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Re: COM/NET informational message

  • From: E.B. Dreger
  • Date: Fri Jan 03 14:20:21 2003

EL> Date: Fri, 3 Jan 2003 13:44:53 -0500
EL> From: Edward Lewis


EL> The DNS protocol is not 8-bit safe, much less any
EL> implementations of it.  This is because ASCII upper case
EL> characters are down cased in comparisons.  I.e., the

My point is there's no need to force chars <= 0x7f if DNS servers
are properly implemented.  If they're not properly implemented,
why not, and whose fault is that?  Catering to bad or broken
implementations instead of following standards is not a good way
to ensure interoperability.

DNS labels are encoded by a one-octet length representation
followed by that number of octets, with no restrictions on the
content of the octets.  Show me where an RFC says something to
the extent of "labels and <any type of> RR MUST NOT contain
characters >= 0x7f" that rescinds 1035.

Yes, comparisons are case-insensitive.  So what?  strcasecmp()
works on ASCII strings.  Now it must work on <new encoding x>.
Why not let <new encoding x> be UTF-8, something programmers
should support already?  Maybe MS-style Unicode encoding?  Why
add yet another encoding?!

I fear I may be straying OT, for this is layers 6/7...


Eddy
--
Brotsman & Dreger, Inc. - EverQuick Internet Division
Bandwidth, consulting, e-commerce, hosting, and network building
Phone: +1 (785) 865-5885 Lawrence and [inter]national
Phone: +1 (316) 794-8922 Wichita

> Network Working Group                                     P. Mockapetris
> Request for Comments: 1035                                           ISI
>                                                            November 1987
>
> 2.3.3. Character Case
>
> For all parts of the DNS that are part of the official protocol, all
> comparisons between character strings (e.g., labels, domain names, etc.)
> are done in a case-insensitive manner.  At present, this rule is in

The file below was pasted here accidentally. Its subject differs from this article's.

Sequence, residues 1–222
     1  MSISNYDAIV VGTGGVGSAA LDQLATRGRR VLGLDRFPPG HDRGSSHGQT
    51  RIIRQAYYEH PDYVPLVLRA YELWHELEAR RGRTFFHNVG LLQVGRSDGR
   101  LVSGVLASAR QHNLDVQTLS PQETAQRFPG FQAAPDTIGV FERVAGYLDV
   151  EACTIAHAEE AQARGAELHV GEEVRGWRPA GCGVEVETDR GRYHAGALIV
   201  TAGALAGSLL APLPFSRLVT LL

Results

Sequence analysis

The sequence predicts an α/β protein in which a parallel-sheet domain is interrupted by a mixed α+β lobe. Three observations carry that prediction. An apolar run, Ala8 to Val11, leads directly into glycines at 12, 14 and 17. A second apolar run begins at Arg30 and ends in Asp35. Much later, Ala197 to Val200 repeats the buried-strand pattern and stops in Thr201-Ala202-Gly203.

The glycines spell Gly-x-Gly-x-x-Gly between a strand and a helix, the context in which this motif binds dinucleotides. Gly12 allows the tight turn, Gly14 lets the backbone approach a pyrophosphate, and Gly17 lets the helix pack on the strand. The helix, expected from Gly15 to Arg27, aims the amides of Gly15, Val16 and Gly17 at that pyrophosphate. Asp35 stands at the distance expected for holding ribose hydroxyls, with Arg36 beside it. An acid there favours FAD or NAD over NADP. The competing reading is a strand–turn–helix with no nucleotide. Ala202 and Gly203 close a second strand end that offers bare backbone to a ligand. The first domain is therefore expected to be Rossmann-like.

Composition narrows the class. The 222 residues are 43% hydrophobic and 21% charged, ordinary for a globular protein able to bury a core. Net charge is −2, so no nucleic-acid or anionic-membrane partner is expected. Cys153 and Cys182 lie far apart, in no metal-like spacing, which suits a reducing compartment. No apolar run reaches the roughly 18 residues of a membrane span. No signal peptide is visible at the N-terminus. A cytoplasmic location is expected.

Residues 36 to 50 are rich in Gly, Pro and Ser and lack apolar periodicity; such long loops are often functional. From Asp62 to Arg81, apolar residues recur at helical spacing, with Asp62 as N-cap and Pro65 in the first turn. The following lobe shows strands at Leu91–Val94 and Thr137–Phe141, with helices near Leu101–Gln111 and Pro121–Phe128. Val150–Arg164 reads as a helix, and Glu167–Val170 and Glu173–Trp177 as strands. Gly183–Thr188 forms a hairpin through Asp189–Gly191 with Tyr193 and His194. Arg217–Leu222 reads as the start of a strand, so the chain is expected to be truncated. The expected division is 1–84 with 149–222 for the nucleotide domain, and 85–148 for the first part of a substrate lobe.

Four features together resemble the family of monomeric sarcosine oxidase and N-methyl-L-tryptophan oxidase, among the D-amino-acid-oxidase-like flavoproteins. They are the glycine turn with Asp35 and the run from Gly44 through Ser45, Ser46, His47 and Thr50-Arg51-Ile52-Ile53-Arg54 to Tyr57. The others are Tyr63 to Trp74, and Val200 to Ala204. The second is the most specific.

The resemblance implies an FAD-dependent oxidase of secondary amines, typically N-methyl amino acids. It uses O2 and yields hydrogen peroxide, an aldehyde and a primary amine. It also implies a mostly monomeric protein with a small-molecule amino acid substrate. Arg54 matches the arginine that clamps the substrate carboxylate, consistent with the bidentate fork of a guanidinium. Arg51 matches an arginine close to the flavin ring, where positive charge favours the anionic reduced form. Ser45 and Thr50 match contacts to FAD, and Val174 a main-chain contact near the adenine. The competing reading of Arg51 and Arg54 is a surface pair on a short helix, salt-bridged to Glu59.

> force throughout the domain system without exception.  However, future
> additions beyond current usage may need to use the full binary octet
> capabilities in names, so attempts to store domain names in 7-bit ASCII
> or use of special bytes to terminate labels, etc., should be avoided.
>
> When data enters the domain system, its original case should be
> preserved whenever possible.  In certain circumstances this cannot be
> done.  For example, if two RRs are stored in a database, one at x.y and
> one at X.Y, they are actually stored at the same place in the database,
> and hence only one casing would be preserved.  The basic rule is that
> case can be discarded only when data is used to define structure in a
> database, and two names are identical when compared in a case
> insensitive manner.
>
>
> 3.3. Standard RRs
>
> The following RR definitions are expected to occur, at least
> potentially, in all classes.  In particular, NS, SOA, CNAME, and PTR
> will be used in all classes, and have the same format in all classes.
> Because their RDATA format is known, all domain names in the RDATA
> section of these RRs may be compressed.
>
> <domain-name> is a domain name represented as a series of labels, and
> terminated by a label with zero length.  <character-string> is a single
> length octet followed by that number of characters.  <character-string>
> is treated as binary information, and can be up to 256 characters in
> length (including the length octet).

~~~~~~~~~~~~~~~~~~~~~~~~~~~~~~~~~~~~~~~~~~~~~~~~~~~~~~~~~~~~~~~~~
Date: Mon, 21 May 2001 11:23:58 +0000 (GMT)
From: A Trap <blacklist@brics.com>
To: blacklist@brics.com
Subject: Please ignore this portion of my mail signature.

These last few lines are a trap for address-harvesting spambots.
Do NOT send mail to <blacklist@brics.com>, or you are likely to
be blocked.





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